I bought a piece of land while I was not married, but during the construction of the house, my wife contributed some money towards the building because she also works and earns her own money. Now I want to write a will; where does the house and plot belong? Should I call them my assets or our assets? How should I include them in my will?
All perfect praise be to Allaah, The Lord of the worlds. I testify that there is none worthy of worship except Allaah and that Muhammad is His slave and Messenger.
There are three possibilities that apply to your case:
The first possibility: your wife gave you the money with which she contributed in building the house as a gift and donation out of her own will. In this case, the land and the house are your property and your wife has no right in them.
The second possibility: your wife gave you the money as a partner; in this case, she is entitled to her share according to her contribution in the building of the house, but not in the land. Her share will be according to the percentage by which she contributed in it. So if she contributed half of the construction costs, then she is entitled to half of the house after estimating its price, and so forth.
The third possibility: she gave you the money as a loan; in this case, she is entitled to the same amount that she had given to you, and the land and house belong to you.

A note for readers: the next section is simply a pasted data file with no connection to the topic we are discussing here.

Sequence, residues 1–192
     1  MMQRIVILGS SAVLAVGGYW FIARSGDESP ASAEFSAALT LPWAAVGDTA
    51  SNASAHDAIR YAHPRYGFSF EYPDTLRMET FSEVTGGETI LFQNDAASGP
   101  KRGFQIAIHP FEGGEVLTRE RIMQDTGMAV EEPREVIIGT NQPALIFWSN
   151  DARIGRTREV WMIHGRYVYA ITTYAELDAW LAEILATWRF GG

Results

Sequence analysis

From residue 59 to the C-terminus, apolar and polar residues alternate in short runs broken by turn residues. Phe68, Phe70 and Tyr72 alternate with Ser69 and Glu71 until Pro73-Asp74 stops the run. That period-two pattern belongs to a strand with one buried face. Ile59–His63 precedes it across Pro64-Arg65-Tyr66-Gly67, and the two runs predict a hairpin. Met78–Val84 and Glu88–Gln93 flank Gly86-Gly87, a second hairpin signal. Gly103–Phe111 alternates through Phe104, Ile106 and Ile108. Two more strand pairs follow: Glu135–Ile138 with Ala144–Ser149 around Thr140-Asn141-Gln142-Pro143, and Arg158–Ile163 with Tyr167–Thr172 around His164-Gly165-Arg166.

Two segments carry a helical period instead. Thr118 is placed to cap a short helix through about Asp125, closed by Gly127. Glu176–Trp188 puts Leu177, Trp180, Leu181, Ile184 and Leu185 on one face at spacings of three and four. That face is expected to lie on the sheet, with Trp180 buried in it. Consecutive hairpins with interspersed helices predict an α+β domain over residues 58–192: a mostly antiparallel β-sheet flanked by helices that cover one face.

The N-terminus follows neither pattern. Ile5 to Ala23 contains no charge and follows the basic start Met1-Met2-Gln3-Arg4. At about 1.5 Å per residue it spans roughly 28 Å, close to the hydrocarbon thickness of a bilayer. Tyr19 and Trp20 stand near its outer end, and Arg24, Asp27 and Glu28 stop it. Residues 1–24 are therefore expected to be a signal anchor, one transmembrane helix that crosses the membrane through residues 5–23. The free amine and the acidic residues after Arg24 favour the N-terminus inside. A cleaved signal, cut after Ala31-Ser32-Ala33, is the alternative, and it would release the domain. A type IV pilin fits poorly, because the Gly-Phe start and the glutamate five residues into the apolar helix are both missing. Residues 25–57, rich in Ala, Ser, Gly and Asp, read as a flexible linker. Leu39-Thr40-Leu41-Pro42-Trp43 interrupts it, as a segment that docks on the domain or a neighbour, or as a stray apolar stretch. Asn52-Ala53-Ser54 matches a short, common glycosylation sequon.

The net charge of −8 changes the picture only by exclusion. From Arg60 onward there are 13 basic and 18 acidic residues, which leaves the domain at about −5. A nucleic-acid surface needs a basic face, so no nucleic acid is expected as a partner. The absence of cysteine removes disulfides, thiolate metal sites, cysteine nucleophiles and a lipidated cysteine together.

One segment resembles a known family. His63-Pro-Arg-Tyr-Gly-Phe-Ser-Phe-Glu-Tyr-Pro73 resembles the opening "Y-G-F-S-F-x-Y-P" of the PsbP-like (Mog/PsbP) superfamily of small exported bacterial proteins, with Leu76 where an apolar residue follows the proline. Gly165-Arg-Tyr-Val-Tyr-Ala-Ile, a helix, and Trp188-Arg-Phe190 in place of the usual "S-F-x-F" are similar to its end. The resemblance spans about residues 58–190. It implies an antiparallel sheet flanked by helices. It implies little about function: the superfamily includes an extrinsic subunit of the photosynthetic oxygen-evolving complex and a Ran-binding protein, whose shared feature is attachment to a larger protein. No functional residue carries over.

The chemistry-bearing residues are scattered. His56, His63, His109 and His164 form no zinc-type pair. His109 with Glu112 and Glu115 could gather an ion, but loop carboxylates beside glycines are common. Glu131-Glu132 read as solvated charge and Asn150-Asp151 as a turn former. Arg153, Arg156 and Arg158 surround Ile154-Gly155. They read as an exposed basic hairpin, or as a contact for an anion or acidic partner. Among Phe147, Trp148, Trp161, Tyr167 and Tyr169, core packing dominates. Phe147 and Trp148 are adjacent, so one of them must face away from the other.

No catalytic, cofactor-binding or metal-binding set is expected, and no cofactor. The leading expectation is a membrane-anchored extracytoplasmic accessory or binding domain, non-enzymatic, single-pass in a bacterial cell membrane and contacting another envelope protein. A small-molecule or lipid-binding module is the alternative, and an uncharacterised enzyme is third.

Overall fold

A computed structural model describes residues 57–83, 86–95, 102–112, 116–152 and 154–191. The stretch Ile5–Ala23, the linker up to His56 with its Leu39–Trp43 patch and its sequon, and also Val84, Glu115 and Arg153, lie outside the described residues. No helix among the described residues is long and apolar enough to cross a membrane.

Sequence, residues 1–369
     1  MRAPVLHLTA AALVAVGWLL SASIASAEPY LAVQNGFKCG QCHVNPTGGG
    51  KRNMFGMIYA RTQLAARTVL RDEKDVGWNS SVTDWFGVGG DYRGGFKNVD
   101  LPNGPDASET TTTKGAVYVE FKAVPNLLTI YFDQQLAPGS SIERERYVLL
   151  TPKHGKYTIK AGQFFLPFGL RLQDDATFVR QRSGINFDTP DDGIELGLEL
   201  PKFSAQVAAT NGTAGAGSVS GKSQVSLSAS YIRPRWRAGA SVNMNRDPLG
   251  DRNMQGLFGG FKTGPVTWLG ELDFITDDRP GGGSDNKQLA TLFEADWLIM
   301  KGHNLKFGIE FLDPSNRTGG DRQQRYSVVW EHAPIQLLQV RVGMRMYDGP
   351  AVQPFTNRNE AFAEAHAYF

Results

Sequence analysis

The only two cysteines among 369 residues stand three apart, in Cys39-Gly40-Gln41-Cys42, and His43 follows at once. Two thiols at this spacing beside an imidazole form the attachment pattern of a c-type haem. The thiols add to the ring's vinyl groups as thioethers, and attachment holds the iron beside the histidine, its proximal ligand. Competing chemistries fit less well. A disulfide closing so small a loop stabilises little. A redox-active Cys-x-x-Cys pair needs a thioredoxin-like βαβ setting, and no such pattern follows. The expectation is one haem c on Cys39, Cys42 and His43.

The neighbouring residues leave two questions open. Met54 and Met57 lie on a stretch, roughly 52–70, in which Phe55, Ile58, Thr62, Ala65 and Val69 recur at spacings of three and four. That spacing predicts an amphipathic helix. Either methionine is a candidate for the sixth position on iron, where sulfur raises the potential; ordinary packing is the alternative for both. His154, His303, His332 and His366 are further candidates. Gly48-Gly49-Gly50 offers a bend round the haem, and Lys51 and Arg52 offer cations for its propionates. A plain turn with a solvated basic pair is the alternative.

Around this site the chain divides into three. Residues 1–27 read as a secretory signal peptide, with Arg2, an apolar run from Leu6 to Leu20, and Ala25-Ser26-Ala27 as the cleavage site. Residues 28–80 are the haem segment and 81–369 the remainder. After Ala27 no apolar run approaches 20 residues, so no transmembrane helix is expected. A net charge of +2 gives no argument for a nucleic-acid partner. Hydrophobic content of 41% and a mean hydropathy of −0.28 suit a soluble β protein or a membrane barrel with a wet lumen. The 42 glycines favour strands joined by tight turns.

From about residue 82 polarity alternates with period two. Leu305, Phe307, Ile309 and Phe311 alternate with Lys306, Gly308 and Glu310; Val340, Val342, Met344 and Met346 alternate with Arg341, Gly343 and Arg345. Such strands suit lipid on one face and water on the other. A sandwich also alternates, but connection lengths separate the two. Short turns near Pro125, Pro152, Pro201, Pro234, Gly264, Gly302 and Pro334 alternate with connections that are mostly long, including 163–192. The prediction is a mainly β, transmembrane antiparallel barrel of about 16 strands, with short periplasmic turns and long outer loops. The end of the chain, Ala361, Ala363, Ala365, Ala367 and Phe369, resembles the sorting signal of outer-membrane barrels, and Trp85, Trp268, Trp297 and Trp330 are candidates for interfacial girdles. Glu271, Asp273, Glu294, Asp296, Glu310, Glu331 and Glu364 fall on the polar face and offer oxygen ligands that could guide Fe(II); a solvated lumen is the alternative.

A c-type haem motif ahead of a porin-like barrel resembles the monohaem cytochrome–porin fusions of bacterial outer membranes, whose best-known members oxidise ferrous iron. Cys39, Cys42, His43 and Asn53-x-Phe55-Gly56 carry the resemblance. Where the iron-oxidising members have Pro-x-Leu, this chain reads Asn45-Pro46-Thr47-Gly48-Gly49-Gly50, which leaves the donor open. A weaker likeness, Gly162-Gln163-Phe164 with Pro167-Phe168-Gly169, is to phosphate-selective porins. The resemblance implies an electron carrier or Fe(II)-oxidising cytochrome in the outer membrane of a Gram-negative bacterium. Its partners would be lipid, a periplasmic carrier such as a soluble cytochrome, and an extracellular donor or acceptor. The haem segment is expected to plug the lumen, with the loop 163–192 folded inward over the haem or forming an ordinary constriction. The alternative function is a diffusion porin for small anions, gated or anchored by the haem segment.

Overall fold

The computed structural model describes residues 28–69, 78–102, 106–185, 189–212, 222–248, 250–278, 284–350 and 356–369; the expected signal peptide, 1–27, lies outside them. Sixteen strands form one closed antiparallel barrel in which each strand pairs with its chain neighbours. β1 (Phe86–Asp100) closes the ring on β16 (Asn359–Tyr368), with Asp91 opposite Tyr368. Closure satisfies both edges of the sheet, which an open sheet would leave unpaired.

If by the word ‘will’, you mean documenting the matter in order to preserve rights, then this is a good thing, and there is no specific wording for this; any clear statement that expresses your right and hers in light of what we mentioned above is sufficient, without ambiguity or obscurity.
But if by ‘will’ you mean a donation that will be effective after your death, then there are some Islamic conditions for it. Firstly, it should not be for more than one third of your wealth, as the Prophet said to Sa’d ibn Abi Waqqas when he [the latter] wanted to donate in charity all of his wealth, “Give only a third, and a third is a lot. It is better to leave your heirs rich rather than leaving them dependent on other people." [Al-Bukhari and Muslim] Secondly, the will should not be for an heir, as Abu Umaamah Al-Baahili said, “I heard the Messenger of Allaah say, 'Verily, Allaah has given every person entitled to a right his right, so there is no bequest (will) for an heir.'" This was reported by Ahmad, Abu Daawood, Ibn Maajah, and An-Nasaa’i.
Allaah knows best.
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